Pricing Crafts for Sale


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Pricing Crafts for Sale

I am putting together gift baskets like a "sweetheart basket" for Valentines consisting of candles, lotions, bath beads, etc. How do I decide how much to charge for them? Other people trying to sell crafts probably have the same problem. Thanks!
MS

Three to Four Rule

A general rule on pricing is that you charge three to four times what it cost you to make the item. One portion is to cover supplies, one to cover the wear and tear on tools, one for electricity or other utilities to make the item, and the fourth is for your time.

Always the bug with selling crafts is finding a price that will be acceptable to the buying public, and the three to four rule sometimes makes that craft unaffordable to most people. It also depends on whether you can buy your supplies wholesale or retail or if the items you make are free to begin with, like using nature's bounty or making things from scrounged and re-purposed items. For example, a welder may make yard art from old metal parts found along the road.
Edey

Keep Your Items Distinct and Unusual

Some of this depends on if you're doing this for fundraising (and offering what you make for donation) or if you're trying to turn a profit for yourself. The market you want are those who don't have the time or talent to do what you do. Many other crafters will go around and see what's out there and duplicate your idea sometimes for less than what you can charge. People are always looking for a bargain so there's a fine line between a "fair price" and what will "discourage selling." You may want to give yourself some leeway so if you make a lot of baskets and don't want to bring them home, you can reduce the price to move them.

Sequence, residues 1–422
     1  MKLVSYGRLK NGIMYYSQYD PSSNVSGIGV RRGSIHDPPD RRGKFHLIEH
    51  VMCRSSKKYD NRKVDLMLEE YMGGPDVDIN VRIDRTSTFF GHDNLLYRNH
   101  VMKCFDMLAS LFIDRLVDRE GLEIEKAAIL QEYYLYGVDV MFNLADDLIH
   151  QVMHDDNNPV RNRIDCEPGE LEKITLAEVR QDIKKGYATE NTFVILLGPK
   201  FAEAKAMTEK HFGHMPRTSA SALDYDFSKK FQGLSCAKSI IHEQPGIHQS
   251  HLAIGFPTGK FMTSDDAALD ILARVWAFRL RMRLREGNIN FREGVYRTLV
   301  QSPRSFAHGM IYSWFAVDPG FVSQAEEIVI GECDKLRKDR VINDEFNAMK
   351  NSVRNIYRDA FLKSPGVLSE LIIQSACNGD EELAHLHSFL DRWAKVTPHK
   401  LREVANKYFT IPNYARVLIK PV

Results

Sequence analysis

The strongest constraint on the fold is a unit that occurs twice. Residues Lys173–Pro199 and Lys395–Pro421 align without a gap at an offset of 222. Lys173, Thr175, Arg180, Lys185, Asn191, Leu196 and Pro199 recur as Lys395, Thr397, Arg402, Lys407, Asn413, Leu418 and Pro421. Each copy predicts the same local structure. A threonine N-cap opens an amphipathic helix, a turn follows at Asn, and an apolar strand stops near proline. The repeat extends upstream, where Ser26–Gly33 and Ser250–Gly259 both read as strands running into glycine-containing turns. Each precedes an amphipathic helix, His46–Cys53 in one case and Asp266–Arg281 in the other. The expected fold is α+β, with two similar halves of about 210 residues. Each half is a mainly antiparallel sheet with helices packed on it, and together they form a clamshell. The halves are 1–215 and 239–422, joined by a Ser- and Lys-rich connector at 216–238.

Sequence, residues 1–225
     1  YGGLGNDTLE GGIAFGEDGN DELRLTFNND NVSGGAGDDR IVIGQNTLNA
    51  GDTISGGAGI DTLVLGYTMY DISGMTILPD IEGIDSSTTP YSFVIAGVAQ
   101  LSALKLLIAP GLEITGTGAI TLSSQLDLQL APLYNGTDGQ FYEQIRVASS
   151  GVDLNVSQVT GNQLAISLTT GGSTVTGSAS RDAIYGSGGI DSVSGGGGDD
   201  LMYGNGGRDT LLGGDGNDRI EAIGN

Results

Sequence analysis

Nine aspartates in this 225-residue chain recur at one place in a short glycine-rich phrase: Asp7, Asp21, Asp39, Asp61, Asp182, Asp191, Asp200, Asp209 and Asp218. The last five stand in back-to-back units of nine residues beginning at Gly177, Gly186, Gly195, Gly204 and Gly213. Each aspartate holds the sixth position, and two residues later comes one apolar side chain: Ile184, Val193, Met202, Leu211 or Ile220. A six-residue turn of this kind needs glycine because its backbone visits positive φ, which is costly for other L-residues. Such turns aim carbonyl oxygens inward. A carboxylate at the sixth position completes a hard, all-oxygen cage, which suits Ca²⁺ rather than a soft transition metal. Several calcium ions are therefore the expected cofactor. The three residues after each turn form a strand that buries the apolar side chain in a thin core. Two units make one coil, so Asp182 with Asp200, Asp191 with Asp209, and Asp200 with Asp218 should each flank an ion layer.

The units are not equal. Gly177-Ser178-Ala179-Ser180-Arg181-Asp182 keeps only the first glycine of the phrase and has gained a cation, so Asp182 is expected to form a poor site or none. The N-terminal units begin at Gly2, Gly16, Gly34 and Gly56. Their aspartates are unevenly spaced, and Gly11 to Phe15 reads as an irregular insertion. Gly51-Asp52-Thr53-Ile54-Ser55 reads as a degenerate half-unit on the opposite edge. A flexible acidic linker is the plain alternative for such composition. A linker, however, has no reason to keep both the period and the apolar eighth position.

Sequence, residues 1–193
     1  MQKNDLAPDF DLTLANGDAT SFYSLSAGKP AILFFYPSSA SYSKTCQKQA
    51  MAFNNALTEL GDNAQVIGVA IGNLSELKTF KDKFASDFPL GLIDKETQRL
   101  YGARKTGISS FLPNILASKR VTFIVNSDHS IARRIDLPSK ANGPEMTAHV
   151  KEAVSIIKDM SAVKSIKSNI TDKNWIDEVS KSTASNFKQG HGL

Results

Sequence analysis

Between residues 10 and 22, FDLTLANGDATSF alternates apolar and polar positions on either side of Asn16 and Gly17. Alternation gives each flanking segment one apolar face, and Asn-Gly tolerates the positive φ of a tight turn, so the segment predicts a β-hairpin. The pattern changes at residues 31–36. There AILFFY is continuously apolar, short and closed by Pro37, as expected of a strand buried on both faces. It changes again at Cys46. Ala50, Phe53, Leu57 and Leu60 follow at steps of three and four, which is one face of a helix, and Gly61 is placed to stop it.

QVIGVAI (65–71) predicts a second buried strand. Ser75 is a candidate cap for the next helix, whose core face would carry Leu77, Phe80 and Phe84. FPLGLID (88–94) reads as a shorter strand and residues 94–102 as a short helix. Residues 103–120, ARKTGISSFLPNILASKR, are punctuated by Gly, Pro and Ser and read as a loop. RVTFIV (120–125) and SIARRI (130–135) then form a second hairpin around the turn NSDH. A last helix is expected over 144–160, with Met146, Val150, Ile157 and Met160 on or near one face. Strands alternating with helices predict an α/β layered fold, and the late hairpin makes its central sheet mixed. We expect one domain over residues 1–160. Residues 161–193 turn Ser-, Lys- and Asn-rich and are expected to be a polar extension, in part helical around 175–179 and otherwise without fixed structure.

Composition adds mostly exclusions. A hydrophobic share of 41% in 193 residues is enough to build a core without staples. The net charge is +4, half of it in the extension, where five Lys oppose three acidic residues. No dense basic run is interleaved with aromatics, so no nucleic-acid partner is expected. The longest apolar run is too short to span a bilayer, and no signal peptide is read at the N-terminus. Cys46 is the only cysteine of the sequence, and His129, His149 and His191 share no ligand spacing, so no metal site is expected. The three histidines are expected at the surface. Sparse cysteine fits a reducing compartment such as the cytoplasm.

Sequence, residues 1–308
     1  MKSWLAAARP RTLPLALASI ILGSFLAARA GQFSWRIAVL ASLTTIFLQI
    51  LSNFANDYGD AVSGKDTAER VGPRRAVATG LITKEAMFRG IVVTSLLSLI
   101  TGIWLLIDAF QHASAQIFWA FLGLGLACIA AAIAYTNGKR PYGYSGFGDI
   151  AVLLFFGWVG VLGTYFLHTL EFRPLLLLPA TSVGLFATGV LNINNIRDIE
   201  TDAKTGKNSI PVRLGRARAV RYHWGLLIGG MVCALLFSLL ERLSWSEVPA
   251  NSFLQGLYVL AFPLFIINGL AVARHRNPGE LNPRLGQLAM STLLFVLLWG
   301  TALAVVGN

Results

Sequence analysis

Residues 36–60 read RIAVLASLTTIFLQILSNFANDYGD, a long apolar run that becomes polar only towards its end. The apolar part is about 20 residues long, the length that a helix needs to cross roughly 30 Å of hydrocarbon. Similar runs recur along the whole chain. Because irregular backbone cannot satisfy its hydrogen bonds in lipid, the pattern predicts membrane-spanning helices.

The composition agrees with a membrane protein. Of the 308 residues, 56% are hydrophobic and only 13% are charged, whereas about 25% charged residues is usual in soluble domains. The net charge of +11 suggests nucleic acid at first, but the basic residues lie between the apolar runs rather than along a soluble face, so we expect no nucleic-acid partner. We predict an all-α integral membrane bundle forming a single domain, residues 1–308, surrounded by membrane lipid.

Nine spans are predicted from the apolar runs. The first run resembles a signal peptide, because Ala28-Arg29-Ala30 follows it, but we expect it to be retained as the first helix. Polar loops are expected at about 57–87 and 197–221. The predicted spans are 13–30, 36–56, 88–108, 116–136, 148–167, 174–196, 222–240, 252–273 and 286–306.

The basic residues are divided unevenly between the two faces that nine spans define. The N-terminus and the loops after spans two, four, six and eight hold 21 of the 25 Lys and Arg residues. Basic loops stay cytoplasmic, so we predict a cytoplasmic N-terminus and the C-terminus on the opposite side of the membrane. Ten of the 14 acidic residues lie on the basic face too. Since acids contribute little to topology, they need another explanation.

When I buy handmade items, I gravitate toward things that are unusual and distinctive. I bought two long angels whose gowns were made from an old quilt and a cross-stitched tablecloth. I bought a one of a kind, four-tile picture of an angel holding the earth in her hands. I'd never seen anything like these before or since. Some people go to craft shows knowing they are bound to find the standard things but you won't see me at tables with mass produced items.
Toni B.

Get At Least Double Material Cost

For the reader who is wondering how to price her gift baskets, I would say the first and most important thing to do is to check around to see what other, similar products are going for in her area. You don't want to price yourself out of the local market, but you also don't want to cheat yourself out of a fair profit.

Also, make sure you're getting at least double your materials cost (basket, toiletries, trimmings, etc.) plus a fair wage for the time it takes you to assemble a basket. The more time and effort you put into making them personal and special, the more you should charge. Anyone can just throw some filler into a basket, add a few items, and call it a gift basket, but if you arrange it beautifully and professionally, that's really what customers want.

And to make them really special, if at all possible, I would suggest having you, a family member or friend be available to hand-deliver the baskets for an additional fee. Have them dress up very nicely in a tux or suit for a man or a fancy dress for a woman. Many people would gladly pay to know their basket will be delivered in such a memorable way to their loved one's office or home.
Diva

What Price Will the Market Allow?

The biggest problem with pricing crafts is the temptation to expect at least minimum wage for the time you put into making the items. I have rarely seen anything sold at a craft market that actually sold for enough to really provide that level of income.

When I last sold at a craft market, I took the price of all materials, supplies and containers/wrapping and doubled it. Once I had that total, I could decide what the market would accept in addition to that amount to pay for my time. I found that the more time required to produce the item, the less per hour I was actually able to make on it.
Beth

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